Caribou – Suddenly

Personal pain shared plus intriguing sound switches, on project’s first in five years

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“The thrill has never left me,” said Dan Snaith, when announcing his fifth album as Caribou, of his daily music-making habit. “I love it as much or more than I have always done.” Of course, plenty of artists declare their boundless enthusiasm for recording – and cynics might say it’s a slyly effective market motivator – but from debut The Milk Of Human Kindness, with its mix of pastel-bright electronica and motorik grooves, to the radiantly democratic synth pop of 2014’s Our Love, which reached No 8 on the UK chart, rapture has long been at the core of Caribou’s music.

Snaith’s is a contagious love that runs deeper than sound, however. The London-based Canadian producer has admitted to a longterm tendency to look inward in his work, but with Our Love he decided to embrace the generosity of self and deep, communicative warmth he admired in albums by Pharoah Sanders and Alice Coltrane. That record’s first single, the giddily glowing “Can’t Do Without You” introduced a more emotionally direct approach while slightly narrowing the distance between Caribou and Snaith’s clubbier incarnation, Daphni.

Now comes the more explicitly personal (but detail-free) Suddenly, with its themes of change, profound loss and life’s blunt-force unpredictability, its shapeshifting style so much a reflection of that title it’s almost onomatopoeic. And if anyone is still clinging stubbornly to their belief that electronic dance-pop lacks soul, these 12 luminous and inventive songs of a universally connective bent will surely haul them over the line.

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Amassing a mountain of draft ideas out of which an album’s shape will emerge is Snaith’s usual MO and this time was no different, with more than 900 stems (mostly loops of just 30 seconds each) to be considered. Quite a challenge, although intuition sharpened across 20 years of releasing music, plus input from both his wife, and kindred spirit/sometime collaborator Kieran Hebden, saw it through. Snaith has always claimed that the process determines the end result, but this time it seems contrast appealed to him as much as congruence; and although long-serving ghosts like J Dilla and Arthur Russell are present, and a sample of ’70s soul singer Gloria Barnes’s “Home” is central to the languidly groovy single of the same name, nothing here is as straightforward as an influence or homage. On eight tracks, live (guest) electric guitar and/or saxophone augment Snaith’s usual modular synth/sampler/sequencer setup.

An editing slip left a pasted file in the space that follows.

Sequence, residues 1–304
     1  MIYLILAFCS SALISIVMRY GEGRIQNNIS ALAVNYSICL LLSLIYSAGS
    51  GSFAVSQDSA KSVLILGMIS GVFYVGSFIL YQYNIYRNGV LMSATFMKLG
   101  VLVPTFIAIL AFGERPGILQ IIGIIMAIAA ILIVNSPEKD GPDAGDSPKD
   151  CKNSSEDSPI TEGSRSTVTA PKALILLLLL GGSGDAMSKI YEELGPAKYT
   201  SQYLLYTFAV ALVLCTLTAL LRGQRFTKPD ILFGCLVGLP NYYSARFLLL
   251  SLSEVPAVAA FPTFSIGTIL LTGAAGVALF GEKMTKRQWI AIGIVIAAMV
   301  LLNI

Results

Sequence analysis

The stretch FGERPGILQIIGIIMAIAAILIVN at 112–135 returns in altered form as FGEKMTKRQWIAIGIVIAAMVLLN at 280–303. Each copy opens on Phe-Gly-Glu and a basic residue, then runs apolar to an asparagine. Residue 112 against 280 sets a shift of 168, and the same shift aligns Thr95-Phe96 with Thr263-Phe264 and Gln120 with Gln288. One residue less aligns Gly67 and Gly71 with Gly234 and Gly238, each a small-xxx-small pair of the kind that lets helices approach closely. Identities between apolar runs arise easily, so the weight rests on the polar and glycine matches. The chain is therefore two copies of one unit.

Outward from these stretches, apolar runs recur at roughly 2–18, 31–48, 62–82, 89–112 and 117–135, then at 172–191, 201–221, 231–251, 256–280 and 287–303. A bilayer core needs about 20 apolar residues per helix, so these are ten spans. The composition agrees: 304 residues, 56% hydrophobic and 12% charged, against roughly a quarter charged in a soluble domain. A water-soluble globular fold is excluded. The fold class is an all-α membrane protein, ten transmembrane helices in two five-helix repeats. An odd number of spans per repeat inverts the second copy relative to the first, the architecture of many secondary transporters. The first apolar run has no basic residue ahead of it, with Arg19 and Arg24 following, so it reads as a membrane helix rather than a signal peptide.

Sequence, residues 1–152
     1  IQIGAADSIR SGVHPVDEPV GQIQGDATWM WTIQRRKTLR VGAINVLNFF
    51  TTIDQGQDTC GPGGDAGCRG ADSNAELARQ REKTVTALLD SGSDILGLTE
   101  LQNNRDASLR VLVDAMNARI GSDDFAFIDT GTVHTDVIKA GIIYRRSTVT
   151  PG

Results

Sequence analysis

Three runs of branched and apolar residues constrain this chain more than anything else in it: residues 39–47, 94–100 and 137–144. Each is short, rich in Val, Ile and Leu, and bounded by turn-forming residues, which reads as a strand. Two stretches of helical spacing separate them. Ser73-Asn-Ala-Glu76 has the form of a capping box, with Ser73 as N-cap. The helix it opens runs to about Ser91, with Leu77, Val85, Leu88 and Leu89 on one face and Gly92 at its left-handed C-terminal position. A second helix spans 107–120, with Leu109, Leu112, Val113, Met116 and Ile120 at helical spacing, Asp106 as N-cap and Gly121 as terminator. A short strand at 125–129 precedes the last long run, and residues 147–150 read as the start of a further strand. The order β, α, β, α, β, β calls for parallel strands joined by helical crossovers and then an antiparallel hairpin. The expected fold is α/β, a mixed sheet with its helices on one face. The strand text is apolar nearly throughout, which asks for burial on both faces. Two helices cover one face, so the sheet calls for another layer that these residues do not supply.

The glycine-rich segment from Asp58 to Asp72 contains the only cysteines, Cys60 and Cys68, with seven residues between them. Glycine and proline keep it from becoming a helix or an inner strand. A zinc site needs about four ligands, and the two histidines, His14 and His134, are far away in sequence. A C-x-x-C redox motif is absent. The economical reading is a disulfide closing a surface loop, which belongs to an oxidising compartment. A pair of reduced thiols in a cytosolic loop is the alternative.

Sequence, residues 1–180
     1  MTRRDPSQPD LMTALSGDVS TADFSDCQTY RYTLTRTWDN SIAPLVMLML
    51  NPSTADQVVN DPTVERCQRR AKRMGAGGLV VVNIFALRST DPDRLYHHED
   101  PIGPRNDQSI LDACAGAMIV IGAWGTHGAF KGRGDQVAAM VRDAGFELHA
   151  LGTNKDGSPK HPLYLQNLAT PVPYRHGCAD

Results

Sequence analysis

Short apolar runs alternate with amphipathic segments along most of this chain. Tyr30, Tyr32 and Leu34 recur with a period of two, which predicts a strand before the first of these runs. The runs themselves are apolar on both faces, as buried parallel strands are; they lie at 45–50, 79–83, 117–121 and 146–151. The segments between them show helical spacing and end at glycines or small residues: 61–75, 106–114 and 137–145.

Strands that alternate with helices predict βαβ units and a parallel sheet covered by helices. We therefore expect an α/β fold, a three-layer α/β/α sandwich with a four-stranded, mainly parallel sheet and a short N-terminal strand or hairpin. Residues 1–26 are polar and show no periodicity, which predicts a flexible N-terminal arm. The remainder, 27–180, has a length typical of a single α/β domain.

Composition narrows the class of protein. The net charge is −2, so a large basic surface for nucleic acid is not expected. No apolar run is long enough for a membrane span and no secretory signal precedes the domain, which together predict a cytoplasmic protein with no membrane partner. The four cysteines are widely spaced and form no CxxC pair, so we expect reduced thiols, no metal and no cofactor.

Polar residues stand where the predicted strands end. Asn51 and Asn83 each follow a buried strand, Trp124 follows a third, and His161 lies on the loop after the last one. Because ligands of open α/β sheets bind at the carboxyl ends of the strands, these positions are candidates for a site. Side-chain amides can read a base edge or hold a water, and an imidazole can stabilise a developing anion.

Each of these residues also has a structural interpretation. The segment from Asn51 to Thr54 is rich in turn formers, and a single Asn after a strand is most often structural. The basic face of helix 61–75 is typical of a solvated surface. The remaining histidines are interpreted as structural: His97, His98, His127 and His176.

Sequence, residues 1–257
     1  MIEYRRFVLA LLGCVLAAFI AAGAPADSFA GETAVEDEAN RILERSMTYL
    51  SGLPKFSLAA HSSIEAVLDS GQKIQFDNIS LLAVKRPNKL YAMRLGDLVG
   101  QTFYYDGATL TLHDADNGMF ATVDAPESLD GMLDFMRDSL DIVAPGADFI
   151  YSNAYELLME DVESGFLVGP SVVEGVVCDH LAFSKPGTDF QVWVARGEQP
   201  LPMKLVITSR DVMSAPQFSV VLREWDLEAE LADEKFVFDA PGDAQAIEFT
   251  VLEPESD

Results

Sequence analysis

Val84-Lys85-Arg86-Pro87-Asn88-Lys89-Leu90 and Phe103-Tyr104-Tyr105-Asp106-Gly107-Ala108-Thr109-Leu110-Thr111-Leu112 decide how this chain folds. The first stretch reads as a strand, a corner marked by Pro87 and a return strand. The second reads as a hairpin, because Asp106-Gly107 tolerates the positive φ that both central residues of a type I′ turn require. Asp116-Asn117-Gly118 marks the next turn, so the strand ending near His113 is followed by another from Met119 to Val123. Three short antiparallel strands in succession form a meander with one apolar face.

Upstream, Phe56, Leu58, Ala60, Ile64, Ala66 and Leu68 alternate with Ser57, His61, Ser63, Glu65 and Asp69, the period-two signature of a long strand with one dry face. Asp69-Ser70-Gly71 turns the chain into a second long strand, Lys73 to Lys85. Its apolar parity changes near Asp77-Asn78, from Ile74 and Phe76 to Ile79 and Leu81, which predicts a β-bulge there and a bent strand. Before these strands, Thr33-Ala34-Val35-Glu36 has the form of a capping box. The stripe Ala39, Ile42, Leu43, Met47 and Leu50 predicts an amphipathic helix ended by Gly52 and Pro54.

The album opens with “Sister” – a short’n’sweet, polyphonic symphony where synths gently burble as if in conversation, their flow interrupted by a brief, low-end belch toward the close – and finishes with “Cloud Song”, a thing of shivering beauty with a frame of warped beats and a Kraftwerkian core, festooned with strings of abstract psych pop and finished with a surprisingly showy, razored guitar riff. In between: the easy-swinging update on ’90s jazzy hip-hop that is “Lime”, with its unexpected swerve into a black spiritual and abrupt ending; the delirious “New Jade”, with a high-powered female vocal sample atop a pillow of plush synths and Snaith’s own forlorn voice the complement; and the winnowing “Magpie”, not too far removed from Kevin Parker’s dreamworld.

The build from rattly percussive canter to hands-in-the-air euphoria suggests that “Ravi” should be pronounced “ravey”, but it’s as close as Suddenly gets to the dancefloor. Apart from the dizzying “You And I”, that is: one of the first tracks Snaith started and one of the last to be finished, it’s too dynamically nuanced to qualify as a sad banger, but displays similar characteristics: an irresistibly molten melody, glitter-ball imperative, instant dopamine hit and (crucially) heartbreaking, solipsistic topspin. It’s the expression of a soul heavily winded by loss, but not fatally wounded: “You can take your place up in the sky/I will find a way to carry on down here/Just as long as you are near/We can only make it if we try,” sings Snaith, somehow uniting the disparately bittersweet likes of Nu Shooz, Bobby Womack and Pet Shop Boys while sounding beholden to no-one, because copyism is not his way.

Speaking to Uncut, he explains, “Throughout all the years I’ve made music, the only thing I’m looking for is a thrill or sense of excitement when I’m working on it or listening back to it,” adding that he finds the process “endlessly alluring, because it’s so elusive and hard to replicate”. Suddenly, then, appears as entirely Caribou-like – but with a wilder ecstatic magic in its heart.

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